Indra’s Web — a pearl of an idea about the alchemy of change

All too often when we think about working for social change, working for social justice and human rights, we are confronted with the disillusioning question, “what difference will this make?”

There are a number of relevant responses to the opening sentence. First, thinking too much can cause problems. The alchemy of social change for justice is in fact grounded in action.  There is a place for thought and analysis for sure, but thought and analysis need to be balanced with compassion (and care) and action.  Maybe one of the most poignant responses to the temptation to disillusionment fostered by the question “what difference will this make?” is the quote attributed to the Dalai Lama: “If you think you are too small to make a difference, try sleeping with a mosquito.”  Size doesn’t matter at much as dedicated intention! And, of course there is the butterfly effect of chaos theory which posits that a small change at one place (in a non linear system) can result in large differences in a larger state. The butterfly effect is wonderfully consistent with alchemical transformation! And, then there is the story (you knew there had to be a story coming at some point!) of Indra’s web.

In Hindu mythology, Indra is a warrior god, the king of the gods, who is credited with saving the world from the cosmic serpent. Indra is also credited with weaving a web that extends throughout all of space and time. It is said that when Indra created the world he wove it as a web, and at each of the points where the lines of the web cross, Indra tied a knot and in each knot he placed a radiant jewel. Some say the jewel is a pearl, some say it is a perfect crystal, today we might say the jewel is a holograph.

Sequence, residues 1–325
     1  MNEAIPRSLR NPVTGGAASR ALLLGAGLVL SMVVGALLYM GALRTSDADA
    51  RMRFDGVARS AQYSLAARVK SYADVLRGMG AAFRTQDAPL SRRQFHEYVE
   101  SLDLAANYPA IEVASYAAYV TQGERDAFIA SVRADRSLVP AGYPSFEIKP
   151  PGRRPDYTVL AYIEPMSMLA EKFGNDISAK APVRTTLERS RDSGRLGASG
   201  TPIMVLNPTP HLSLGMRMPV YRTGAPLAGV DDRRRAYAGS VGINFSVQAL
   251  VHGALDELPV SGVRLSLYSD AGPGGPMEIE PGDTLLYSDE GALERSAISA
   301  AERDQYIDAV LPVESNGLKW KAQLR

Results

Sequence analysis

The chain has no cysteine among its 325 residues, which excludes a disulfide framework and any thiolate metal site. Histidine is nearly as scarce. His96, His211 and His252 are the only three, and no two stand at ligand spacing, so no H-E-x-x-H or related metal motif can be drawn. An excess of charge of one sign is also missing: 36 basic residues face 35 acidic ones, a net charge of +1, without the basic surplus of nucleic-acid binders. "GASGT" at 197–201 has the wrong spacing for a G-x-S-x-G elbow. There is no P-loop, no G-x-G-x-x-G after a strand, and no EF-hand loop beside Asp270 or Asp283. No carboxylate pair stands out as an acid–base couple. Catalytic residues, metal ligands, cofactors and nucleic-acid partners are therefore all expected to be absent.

Everything that has existed, that exists now and that ever will exist, each and every idea, each bit of creation, each sentient being, all are jewels in Indra’s web. Each jewel is tied to every other jewel in Indra’s web, each is reflected in every other jewel, each is implied in every other jewel. Each jewel reflects and contains every other jewel in this cosmic matrix, so that each jewel is intrinsically and intimately connected to every other jewel – a change in one is reflected in all the others, in every other. (you might want to pause here and think about the range of meanings of ‘reflected in’). 

Alan Watts tells the story this way: “Imagine a multidimensional spider’s web in the early morning covered with dew drops. And every dew drop contains the reflection of all the other dew drops. And, in each reflected dew drop, the reflections of all the other dew drops in that reflection. And so on, ad infinitum. That is the Buddhist conception of the universe in an image.”

Every jewel represents an individual life form, atom, cell or unit of consciousness. Each and every jewel highlights the interdependence of all beings, of all of creation. And, because everything is interdependent, nothing is small, trivial, or inconsequential. 

One moral to take from Indra’s web is that you cannot damage one strand of the web that is the universe without damaging the others or setting off a cascade effect of destruction. And by the same token the interdependence of all highlights that the compassionate and the constructive interventions a person makes or does can also produce a ripple effect of beneficial action.  Action, dedicated intention, the butter fly effect and Indra’s web – all reflecting the interdependence of all life, we are all inter-dependent on each other, it ALL matters. (so, I guess the hokey pokey is NOT what it’s all about, or is it?)

The metaphor of Indra’s Jeweled web is Attributed to an ancient Buddhist named Tu-Shun (557-640 A.D.). Fritjof Capra refers to it in Tao of physics: an exploration of the parallels between modern physics and Eastern mysticism, as does Douglas Hofstadter in Gödel, Escher, Bach; andTimothy Brook in Vermeer’s Hat.

Any thoughts about Indra’s web and our places in it? Your place in it? We are our brothers/sisters keepers … we are reflections of each other … whatever happens to anyone of us happens to all of us … in Bantu, ‘ubuntu’ — I am because you are … and the circle, which is a web, goes one …

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